Bar none, if you are a NBA fan, you are glued to the Last Dance. If you are reading this article, you are most definitely glued to the Last Dance.
The Last Dance is a phenomenal, compelling documentary. The easy takeaway is that it displays Michael Jordan’s brilliance. The other takeaway, bubbling under the surface?
That the 90’s Bulls dealt with their share of drama, their share of reported issues that they may not have wanted out in the public sphere.
That dealing with drama, as a NBA franchise, is perfectly fine. In fact, as long as the drama does not evolve into dysfunction, it is a good thing.
The Last Dance puts on full display that the Bulls managing their share of interpersonal issues, negative reports, and a slew of talking heads getting their licks in. Michael Jordan was crucified during the 1993 Eastern Conference Finals for going to Atlantic City the night before a game. He responded by shunning the media for two weeks. Jordan and Scottie Pippen detested the Bulls’ general manager, Jerry Krause, and appeared to hate their own future teammate, in Toni Kukoc. Jordan did not want the ball to be passed to certain teammates. Tension brewed between Jordan and Pippen concerning how Pippen handled his summer of 1997 rehabilitation and contract demands. Dennis Rodman fled from the team to go to Las Vegas. Jordan, if you read content from historians of the era, coach killed Doug Collins.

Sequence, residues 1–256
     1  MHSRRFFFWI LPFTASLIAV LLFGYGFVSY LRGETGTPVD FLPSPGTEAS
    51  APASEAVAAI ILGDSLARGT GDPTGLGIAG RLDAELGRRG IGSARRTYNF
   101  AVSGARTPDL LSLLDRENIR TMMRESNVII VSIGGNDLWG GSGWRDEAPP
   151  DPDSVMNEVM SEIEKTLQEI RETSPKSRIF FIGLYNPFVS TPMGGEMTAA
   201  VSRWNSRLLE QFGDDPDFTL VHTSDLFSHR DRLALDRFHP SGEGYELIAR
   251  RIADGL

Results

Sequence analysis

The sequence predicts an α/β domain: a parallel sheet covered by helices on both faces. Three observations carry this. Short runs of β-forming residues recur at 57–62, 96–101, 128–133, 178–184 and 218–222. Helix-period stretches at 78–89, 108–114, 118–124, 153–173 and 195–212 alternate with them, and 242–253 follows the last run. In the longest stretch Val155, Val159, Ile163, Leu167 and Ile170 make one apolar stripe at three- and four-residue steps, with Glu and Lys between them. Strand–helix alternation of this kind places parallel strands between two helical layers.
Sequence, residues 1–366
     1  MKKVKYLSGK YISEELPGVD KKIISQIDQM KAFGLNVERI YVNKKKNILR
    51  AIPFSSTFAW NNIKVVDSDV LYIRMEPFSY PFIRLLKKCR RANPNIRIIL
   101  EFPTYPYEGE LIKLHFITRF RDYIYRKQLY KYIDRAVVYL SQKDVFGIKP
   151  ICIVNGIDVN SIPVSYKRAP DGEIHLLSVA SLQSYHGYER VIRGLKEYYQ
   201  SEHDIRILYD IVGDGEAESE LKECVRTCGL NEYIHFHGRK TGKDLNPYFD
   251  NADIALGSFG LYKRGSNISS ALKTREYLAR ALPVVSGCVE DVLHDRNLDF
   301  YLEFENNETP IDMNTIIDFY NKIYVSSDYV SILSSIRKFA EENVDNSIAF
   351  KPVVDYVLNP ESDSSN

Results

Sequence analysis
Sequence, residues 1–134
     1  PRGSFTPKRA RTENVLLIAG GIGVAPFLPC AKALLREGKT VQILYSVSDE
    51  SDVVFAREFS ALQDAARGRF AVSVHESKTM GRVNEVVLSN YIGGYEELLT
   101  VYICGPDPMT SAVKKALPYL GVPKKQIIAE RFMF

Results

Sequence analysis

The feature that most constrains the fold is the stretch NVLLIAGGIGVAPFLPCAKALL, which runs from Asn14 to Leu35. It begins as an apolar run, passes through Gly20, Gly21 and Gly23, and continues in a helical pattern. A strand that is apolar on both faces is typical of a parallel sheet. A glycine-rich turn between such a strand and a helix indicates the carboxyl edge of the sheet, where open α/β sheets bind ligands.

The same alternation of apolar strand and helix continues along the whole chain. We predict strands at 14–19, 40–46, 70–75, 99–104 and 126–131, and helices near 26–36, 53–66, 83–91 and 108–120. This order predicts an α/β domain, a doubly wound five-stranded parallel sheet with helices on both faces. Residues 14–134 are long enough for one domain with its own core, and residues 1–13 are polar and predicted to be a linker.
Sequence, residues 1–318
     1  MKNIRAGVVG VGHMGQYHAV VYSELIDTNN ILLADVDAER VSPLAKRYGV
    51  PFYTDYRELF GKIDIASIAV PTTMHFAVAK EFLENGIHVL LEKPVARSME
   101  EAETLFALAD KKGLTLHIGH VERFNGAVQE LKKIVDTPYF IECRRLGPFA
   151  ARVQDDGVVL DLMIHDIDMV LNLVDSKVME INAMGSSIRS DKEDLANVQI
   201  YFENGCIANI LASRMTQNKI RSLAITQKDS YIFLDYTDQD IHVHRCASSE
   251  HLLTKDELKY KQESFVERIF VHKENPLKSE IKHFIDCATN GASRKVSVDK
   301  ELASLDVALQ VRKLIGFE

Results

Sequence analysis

And yet, despite all of that reported drama — documented then and now — much of it was barely recalled, before the Last Dance. Why is that?
Hint: number 23 can give you six reasons.
All of this begs a question. The 90’s Bulls seemed content letting this drama be made public. There was no rush to dance around these issues, or pretend they were not going on. The Bulls simply let their results speak for them. So, why is it that when teams and players face drama today, there is a rush to quiet the noise? Why do we feel that need?
The answer, of course, is social media. When the teams of yesteryear dealt with drama, the issues were reported by a select few newspaper reporters covering the team, and maybe a national beat or two. The reporter documented what happened, and folks took the report for what it was. There was no need for the reporter to sensationalize the story for clicks — with fewer voices covering teams, why force it?